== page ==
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College beat writer conundrum

Discussion in 'Journalism topics only' started by Hammer Pants, Mar 24, 2009.

  1. Hammer Pants

    Hammer Pants Active Member

    Like most of the college beat writers I know, this is normally the time of year I see that light at the end of the tunnel. Postseason basketball and spring football are winding down, and we're nearing the normally glorious summer months — when all those million-hour work weeks go into hibernation, beer can be consumed before metro deadline, golf clubs can be swung and fun getaways with our significant others can be planned.

    But can any of us do that this year? I don't think I will — at least not as much — and I know others feel the same way. If we ease up for a little bit, are we asking for trouble?

    I know I'm not the only sportswriter who hasn't saved enough money to comfortably withstand an extended period without work, and I've gotten more professional breaks than I deserved for someone still comfortably South of 30.

    Anyone else planning on pushing the accelerator a little harder this summer? It's not ideal, and it's far from fair, but it seems way better than the alternative.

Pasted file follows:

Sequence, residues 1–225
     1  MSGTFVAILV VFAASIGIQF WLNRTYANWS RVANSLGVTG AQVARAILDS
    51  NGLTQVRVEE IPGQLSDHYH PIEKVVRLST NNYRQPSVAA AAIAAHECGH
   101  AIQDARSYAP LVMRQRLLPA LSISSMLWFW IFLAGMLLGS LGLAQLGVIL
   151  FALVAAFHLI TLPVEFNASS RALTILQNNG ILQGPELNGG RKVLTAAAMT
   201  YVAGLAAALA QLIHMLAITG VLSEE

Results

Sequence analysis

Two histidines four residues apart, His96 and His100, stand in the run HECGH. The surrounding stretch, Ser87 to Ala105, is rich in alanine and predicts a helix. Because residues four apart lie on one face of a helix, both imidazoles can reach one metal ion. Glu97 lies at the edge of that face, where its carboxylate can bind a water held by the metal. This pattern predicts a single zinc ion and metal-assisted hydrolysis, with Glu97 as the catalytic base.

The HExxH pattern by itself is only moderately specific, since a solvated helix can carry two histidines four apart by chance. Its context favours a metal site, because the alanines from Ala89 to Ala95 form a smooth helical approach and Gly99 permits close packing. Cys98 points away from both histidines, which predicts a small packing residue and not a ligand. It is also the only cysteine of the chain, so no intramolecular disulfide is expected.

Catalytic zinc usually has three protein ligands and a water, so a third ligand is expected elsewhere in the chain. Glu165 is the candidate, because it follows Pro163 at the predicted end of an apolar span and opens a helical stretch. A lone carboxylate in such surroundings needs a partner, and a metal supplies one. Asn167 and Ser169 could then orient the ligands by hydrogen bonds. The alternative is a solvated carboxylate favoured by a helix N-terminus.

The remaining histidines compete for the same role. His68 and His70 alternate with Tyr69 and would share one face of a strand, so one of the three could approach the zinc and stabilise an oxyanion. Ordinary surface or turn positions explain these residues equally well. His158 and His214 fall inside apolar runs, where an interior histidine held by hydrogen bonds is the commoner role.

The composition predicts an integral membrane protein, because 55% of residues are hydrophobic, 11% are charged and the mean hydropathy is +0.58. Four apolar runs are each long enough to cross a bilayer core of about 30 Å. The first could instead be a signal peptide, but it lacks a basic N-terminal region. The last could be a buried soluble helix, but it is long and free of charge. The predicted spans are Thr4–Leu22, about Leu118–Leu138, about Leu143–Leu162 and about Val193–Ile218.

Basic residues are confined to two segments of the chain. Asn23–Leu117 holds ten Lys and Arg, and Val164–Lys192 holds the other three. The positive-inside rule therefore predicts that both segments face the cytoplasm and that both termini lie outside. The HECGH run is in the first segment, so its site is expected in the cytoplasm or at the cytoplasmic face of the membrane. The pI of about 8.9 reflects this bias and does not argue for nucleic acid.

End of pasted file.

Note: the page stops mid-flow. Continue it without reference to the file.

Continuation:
It would be one thing if these economic problems were just a media issue, and other jobs were waiting for educated, experienced people like us. But that's clearly not the case. I cringe at the thought of looking for another job right now, and not just because this is what I've always wanted to do (and still love to do, despite some of the bullshit).
  2. John

    John Well-Known Member

    If I can, my plan is to do like I did last summer — still write 5-7 stories a week, but cram all the work into 2-3 days.
  3. Michael_ Gee

    Michael_ Gee Well-Known Member

    Hammer, if you think extra work is ANY protection for job security, you are mistaken.
    Your employers look at you and see the numbers on your paycheck, period. If erasing those numbers help them make the business look better to their bosses, you're gone.
    Pulitzers don't help. Nothing helps.
  4. buckweaver

    buckweaver Active Member

    Gee's right. It's hard for many to accept, but you're not in control of your destiny right now -- i.e., there's nothing you can DO, other than looking for another job or learning skills that will help you find a new job, that will give you more job security.

    Working harder only means you're working harder. It's not a path to safety.

    Just do what you're gonna do, stay aware and prepared, and let the chips fall where they may.
  5. Charlie Brown

    Charlie Brown Member

    Fran Blinebury says you have a good point.
  6. Bullwinkle

    Bullwinkle Member

    Spend your free time honing other skills that will benefit you after you get laid off.
  7. mediaguy

    mediaguy Well-Known Member

    Had this exact conversation with somebody at my paper today. Realistically, there's very little on my beat that will be prominent in the paper in the next 4 months. Do you volunteer to help on other beats? Make yourself a GA writer and keep pitching anything that doesn't fall under other people's beats?

    This isn't a time when I want to seem like my job has a down time or a slow period.
  8. albert77

    albert77 Well-Known Member